A new report from the Nature Friendly Farming Network (NFFN) has revealed key areas for on-farm action to restore farming’s landscapes and lessen the impact of climate change. It’s said that farmers need to urgently scale and pace the adoption of nature-based solutions for addressing climate change and biodiversity losses or they will face an uncertain future.
The Rethink Farming report presents evidence that farming with nature will restore natural assets and improve resilience to a warming world. It uses 18 case studies to reveal how farmer-led innovation and nature-based solutions can positively impact businesses.
Highlighted are practical on-farm actions for restoring the environment so that farming can weather the worst of increasing climate shocks. The report also argues that continued deterioration will impact the livelihoods of farmers if the sector doesn’t transition to regenerative practices.
It concludes that farming with nature can maximise returns, offer viability in changing markets, increase profitability through reduce inputs and ensure a more adaptable landscape.
The NFFN is calling for greater ambition from the government in elevating the key role farming plays in delivery for net-zero and calls for more action across farm holdings to prevent irreversible outcomes if the trajectory of climate change continues.
Martin Lines, chair, Nature Friendly Farming Network, said: “It’s in farmers’ best interests to start acting on climate change and natural recovery, so we are in a good place for maximising opportunities for funding for public goods, and further down the line, to capitalise on returns from private markets.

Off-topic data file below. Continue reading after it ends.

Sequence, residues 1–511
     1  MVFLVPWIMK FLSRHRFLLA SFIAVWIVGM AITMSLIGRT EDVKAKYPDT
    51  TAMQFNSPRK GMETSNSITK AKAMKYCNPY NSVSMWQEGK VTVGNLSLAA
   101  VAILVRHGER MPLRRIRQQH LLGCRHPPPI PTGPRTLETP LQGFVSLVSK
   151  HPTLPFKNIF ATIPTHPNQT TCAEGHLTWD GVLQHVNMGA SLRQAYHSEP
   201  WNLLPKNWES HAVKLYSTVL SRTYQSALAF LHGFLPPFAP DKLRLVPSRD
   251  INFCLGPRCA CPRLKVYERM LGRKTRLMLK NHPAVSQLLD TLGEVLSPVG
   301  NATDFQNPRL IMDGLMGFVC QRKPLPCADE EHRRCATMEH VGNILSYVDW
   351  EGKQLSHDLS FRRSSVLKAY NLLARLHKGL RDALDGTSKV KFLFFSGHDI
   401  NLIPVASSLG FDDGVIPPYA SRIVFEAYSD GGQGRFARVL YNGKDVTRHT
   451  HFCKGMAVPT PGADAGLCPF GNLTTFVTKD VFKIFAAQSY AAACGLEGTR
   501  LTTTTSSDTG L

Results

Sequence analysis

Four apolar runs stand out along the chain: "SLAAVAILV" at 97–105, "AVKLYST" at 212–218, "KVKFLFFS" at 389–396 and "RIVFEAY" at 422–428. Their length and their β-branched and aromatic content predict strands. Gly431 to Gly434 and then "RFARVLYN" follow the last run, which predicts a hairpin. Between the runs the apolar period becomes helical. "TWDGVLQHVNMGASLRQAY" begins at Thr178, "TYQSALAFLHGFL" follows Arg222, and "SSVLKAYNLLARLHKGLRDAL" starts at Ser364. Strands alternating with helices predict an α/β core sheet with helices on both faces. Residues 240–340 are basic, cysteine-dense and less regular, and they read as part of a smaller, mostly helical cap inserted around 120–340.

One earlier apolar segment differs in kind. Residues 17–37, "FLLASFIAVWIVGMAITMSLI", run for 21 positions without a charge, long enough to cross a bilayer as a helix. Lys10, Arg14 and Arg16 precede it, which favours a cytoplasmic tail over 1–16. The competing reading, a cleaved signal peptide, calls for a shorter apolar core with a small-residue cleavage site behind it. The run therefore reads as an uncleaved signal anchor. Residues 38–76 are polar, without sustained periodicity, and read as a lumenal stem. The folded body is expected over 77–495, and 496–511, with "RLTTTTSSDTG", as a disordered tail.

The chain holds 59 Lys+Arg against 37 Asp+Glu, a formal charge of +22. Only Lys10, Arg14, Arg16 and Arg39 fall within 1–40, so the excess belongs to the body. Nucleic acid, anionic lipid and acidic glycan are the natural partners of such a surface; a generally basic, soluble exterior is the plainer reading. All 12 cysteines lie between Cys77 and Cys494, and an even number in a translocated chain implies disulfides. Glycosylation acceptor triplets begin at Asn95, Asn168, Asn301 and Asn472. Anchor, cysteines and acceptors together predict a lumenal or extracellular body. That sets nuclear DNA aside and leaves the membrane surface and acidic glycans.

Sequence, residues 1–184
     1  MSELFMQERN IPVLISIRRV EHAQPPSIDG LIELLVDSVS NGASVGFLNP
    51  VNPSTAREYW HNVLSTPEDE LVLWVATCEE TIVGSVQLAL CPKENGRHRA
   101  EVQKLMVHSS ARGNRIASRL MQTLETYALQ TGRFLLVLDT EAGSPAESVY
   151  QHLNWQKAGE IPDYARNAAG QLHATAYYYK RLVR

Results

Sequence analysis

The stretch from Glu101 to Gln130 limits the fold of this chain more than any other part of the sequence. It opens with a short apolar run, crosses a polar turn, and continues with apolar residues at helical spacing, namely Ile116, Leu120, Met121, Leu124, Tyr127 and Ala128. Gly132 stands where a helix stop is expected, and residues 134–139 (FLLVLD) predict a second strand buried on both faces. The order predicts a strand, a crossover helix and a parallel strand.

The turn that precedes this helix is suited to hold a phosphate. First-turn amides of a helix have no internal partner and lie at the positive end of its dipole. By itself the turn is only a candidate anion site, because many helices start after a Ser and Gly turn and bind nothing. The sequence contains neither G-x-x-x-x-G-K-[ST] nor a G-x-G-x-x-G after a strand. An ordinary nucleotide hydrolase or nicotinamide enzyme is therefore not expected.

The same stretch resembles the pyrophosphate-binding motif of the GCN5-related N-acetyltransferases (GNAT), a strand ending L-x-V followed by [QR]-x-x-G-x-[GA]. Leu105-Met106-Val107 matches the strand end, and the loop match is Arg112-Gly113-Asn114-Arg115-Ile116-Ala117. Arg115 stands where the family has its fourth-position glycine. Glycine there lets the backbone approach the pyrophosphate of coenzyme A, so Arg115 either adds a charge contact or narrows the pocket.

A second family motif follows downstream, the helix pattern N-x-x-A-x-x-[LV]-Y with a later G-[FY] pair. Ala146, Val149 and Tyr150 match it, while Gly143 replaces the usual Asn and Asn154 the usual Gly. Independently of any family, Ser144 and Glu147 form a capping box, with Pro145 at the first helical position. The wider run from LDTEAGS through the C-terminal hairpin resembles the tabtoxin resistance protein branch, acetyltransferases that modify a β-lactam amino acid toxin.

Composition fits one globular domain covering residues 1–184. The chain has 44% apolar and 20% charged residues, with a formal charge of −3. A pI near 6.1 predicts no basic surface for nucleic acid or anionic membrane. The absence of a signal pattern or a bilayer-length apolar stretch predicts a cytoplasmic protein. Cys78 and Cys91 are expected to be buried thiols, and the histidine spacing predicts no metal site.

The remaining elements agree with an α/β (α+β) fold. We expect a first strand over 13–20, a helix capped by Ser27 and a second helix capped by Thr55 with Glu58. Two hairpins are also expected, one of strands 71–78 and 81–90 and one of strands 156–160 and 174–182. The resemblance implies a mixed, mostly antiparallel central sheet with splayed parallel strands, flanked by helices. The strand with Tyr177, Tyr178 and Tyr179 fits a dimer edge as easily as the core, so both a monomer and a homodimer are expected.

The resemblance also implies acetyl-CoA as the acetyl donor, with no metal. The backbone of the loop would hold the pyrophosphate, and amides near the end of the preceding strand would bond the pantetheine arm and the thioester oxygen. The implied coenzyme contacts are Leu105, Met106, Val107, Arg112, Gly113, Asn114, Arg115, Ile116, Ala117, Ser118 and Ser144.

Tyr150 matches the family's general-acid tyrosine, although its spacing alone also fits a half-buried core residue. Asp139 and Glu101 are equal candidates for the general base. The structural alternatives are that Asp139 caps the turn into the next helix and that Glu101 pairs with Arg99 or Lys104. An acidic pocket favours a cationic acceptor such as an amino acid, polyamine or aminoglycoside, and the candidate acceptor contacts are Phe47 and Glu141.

“We know that farming is contributing to ecological disruption. And the science is clear – we have 10 years to avoid the worst effects of the climate emergency. Simple solutions can have the greatest impact in preparing farming for what’s to come.
“We have a moral obligation to act on this after decades of intensification have contributed to the challenges we face. It’s not just farmers, it’s everyone. What are we waiting for?”
The report additionally includes research from 726 of the NFFN’s public and farmer members, revealing overwhelming concern about how climate change and biodiversity losses will affect UK farmers.
- 92% are concerned about the effects of climate change on their business, with 80% concerned about biodiversity losses
- 97% of farmers think consumers need to be better educated about the value of natural assets on farms, including how successful management of natural capital is a public benefit
- Over 90% believe food labels should clearly identify production measures
- 71% do not think the industry is currently equipped to deal with the challenges of climate and nature loss, at the same time as sustainibly producing food
- 98% want farming to do more to address climate change and biodiversity losses
- 88% of farmers think the sector needs to be better encouraged to enter environmental schemes
It further revealed that 86% of people want to support farmers who are creating wildlife habitats and restoring soil health. 61% want to support carbon storage, 64% want to support improved water quality and 66% would support high-welfare farming. Nearly all (96%) want to see public money used to support farmers who are implementing restorative measures covering soil health, biodiversity, carbon-storing and water quality, while 96% also said they want environmental standards that mitigate climate change and restore nature to be enshrined in law.
The report calls for mandatory labelling for both domestic and imported food, with a robust and transparent labelling regime to promote traceability and to encourage the adoption of climate-friendly farming through consumer-led incentives.
Other recommendations include preventing the import of commodities linked to deforestation or conversion of carbon-rich ecosystems and a review of existing policies with a focus on developing sustainable food systems and shortening supply chains.
The report is endorsed by leading environmental organisations including the Soil Association, Plantlife, Woodland Trust, RSPB, Butterfly Conservation, Woodland Trust and more. Sustain, Farm Wildlife and the James Hutton Institute have also contributed to the report with supporting statements.